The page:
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Tag: Racism

They were difficult times when Étienne Balibar and Immanuel Wallerstein met in 1981. Shortly after the Front National won their first important election, the themes of “race”, “nation”, and “class” assumed a new urgency throughout France. The sociologist and the philosopher seized the opportunity to discuss all three social constructs and their interdependencies with their students in a long since legendary series of lectures. The later book Race, Nation, Class: Ambivalent Identities (1988, published in English in 1991) summarizes Balibar and Wallerstein’s research and reflects on the connection between racist structures and now newly established global class systems, both past and present. The Cultural studies scholar Manuela Bojadžijev spoke with both authors about the book and why it continues to be relevant. To article...

When Race, Nation, Class: Ambiguous Identities from Étienne Balibar and Immanuel Wallerstein was published in German in 1990, the reviews were effusive. At the time, the book’s interdisciplinary engagement with society was perceived as ”without competition” and “forward-looking”, however this was largely restricted to a left-wing, academic public. Decades later the migration researcher and journalist Mark Terkessidis has taken a new look at the publication, concluding that the history of its reception proves particularly fascinating, especially against the background of the debates on the concept of racism in today’s Germany. To article...

The binary juxtaposition of race and technology is an extremely problematic component of the Western narrative of civilization. With the aid of historical examples and science fiction, the literary scholar Louis Chude-Sokei exposes its absurdities. To article...

Where does tolerance and Laissez-faire end? When do silence and omissions become violence? The writer Jessica Lauren Elizabeth Taylor summarizes positions by writer Taiye Selasi, cultural theorist Theo Goldberg and historian Achille Mbembe and sketches a range of social phenomena against the background of an increased potential for violence. To article...

Multilinguality and diversity are now a matter of course in many schools. However, a relaxed approach to these issues is still far from normal. Between December 2016 and May 2017, young people from ten bilingual European schools in Berlin explored alternative images and narratives which do justice to their complex daily lives in the project “New Experts!”. To article in German...

In contemporary societies the production of fear often serves as a political strategy designed to legitimize and ultimately normalize states of emergency. The writer Sinan Antoon on the phenomenon “Flying while Muslim”, structural Islamophobia in the USA, and the global interconnections of fear, terror, and trauma. To article...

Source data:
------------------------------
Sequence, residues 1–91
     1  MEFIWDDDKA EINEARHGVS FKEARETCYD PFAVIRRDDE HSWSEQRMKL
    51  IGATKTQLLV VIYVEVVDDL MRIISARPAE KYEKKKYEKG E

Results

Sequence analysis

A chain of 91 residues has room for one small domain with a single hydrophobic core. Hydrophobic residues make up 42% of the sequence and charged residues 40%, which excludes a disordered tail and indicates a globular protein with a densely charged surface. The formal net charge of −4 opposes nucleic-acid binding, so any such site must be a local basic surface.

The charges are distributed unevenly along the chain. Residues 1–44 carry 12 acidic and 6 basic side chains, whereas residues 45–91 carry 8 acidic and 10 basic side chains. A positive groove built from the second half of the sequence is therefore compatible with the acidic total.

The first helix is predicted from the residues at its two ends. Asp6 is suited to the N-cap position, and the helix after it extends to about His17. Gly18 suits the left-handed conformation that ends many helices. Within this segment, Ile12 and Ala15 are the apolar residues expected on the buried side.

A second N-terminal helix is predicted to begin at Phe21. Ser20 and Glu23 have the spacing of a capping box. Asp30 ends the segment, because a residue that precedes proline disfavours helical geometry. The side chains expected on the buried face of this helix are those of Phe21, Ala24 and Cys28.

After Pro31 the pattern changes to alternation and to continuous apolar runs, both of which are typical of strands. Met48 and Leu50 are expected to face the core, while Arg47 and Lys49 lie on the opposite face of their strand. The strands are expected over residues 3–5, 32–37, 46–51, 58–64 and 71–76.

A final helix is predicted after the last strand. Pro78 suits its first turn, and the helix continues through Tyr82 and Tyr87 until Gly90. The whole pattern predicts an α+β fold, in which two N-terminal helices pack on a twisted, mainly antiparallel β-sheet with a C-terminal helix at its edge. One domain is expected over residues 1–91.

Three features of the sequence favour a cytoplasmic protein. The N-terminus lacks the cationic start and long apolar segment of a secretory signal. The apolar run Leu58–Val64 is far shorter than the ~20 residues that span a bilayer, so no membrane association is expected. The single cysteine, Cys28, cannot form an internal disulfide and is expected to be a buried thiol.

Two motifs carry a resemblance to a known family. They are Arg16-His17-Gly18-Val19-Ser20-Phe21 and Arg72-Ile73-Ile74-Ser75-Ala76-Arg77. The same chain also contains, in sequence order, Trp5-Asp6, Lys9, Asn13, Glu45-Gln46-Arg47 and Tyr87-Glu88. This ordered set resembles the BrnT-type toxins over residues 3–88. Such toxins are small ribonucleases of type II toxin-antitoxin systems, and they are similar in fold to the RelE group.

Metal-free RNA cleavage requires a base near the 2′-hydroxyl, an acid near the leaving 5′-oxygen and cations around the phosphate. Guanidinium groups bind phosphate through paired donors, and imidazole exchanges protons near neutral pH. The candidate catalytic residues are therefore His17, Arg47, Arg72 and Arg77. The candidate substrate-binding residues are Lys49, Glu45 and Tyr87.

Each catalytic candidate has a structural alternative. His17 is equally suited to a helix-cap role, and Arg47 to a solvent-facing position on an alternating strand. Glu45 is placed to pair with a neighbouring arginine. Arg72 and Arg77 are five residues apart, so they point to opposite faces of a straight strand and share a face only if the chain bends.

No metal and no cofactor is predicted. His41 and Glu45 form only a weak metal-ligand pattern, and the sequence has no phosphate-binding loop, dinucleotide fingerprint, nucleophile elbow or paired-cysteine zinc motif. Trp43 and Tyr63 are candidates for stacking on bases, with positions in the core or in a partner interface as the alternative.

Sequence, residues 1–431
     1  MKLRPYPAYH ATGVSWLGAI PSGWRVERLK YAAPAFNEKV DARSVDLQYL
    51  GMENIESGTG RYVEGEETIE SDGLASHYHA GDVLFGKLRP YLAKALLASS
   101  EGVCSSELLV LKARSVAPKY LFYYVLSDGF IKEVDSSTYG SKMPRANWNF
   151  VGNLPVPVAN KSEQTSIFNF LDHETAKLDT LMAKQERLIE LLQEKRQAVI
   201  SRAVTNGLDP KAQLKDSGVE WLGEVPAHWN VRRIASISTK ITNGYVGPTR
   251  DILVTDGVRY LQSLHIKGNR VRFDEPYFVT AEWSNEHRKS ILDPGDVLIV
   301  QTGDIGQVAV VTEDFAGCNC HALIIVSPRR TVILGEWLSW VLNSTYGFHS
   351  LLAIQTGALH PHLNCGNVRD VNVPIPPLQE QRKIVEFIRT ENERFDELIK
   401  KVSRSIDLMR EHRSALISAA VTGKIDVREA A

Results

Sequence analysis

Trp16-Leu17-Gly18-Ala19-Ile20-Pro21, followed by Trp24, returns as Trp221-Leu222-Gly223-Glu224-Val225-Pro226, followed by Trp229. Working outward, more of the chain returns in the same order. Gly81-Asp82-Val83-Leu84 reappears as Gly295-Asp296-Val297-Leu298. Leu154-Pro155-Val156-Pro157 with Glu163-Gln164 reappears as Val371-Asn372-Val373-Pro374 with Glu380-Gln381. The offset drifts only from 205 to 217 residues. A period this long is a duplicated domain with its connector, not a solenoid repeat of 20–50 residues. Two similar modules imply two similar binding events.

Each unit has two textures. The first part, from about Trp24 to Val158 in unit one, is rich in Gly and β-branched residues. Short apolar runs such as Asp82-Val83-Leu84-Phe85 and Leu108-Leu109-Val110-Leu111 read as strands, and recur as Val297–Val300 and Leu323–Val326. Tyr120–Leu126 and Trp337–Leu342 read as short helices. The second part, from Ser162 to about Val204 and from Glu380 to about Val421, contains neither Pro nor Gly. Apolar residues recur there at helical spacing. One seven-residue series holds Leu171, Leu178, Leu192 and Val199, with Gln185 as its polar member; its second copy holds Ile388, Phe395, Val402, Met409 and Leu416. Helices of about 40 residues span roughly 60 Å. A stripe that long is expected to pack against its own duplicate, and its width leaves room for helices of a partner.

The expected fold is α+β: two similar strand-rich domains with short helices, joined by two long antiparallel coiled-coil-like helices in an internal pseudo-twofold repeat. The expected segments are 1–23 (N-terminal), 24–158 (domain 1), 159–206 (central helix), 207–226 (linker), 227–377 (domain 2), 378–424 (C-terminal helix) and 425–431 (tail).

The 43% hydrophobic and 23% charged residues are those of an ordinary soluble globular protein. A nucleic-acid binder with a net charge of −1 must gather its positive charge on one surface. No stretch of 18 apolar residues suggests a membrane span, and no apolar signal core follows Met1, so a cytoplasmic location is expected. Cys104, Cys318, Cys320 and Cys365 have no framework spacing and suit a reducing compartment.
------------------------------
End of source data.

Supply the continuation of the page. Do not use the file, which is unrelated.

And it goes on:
Men are power, children mean power. Taiye Selasi, celebrated author of Ghana Must Go, opens up glimpses into inescapable gender hierarchies. Through the eyes of an 11-year-old girl The Sex Lives of African Girls tells the story of a fateful day in a village in Accra, on which male dominance unfolds in all its harshness, the more so as it is supported by women. The girl Edem has no mother, her auntie Khadijeh can’t have children of her own, both don’t stand a chance: “In the peculiar hierarchy of African households the only rung lower than a motherless child is a childless mother.” An excerpt from this story accompanying the Violence edition of the Dictionary of Now. To article...

From “Freedom Now” to “White Zulu”: Writer Max Annas spent several years at the University of Fort Hare in East London, researching South African jazz. In this interview, he speaks about the political importance of jazz for the history of the country, from Freedom Now to White Zulu. To article in German...

The historian Cemil Aydin about the effects of breaking up multi-ethnic societies and the Ottoman Caliphate as a symbol for Cosmopolitanism. To article...

Class, race, and Pop: How a marketing professional in the USA invented the racial division between “black” and “white” music. The musician Dom Flemons, himself affected by this pigeonhole thinking, speaks about a little known aspect of American Folk music. To article...

The migration scholar Nanna Heidenreich talks about her three-part project “Soundtracks”. Discussing the works by Constanze Fischbeck, Philip Scheffner, and Julia Tieke that make up this project, Nanna Heidenreich illustrates how listening is politicized, which narratives and voices are perceived in and by today’s media landscape and which are not, and how to avoid victimization and exploitation of projects “about,” but not “made by” immigrants and refugees. To article in German...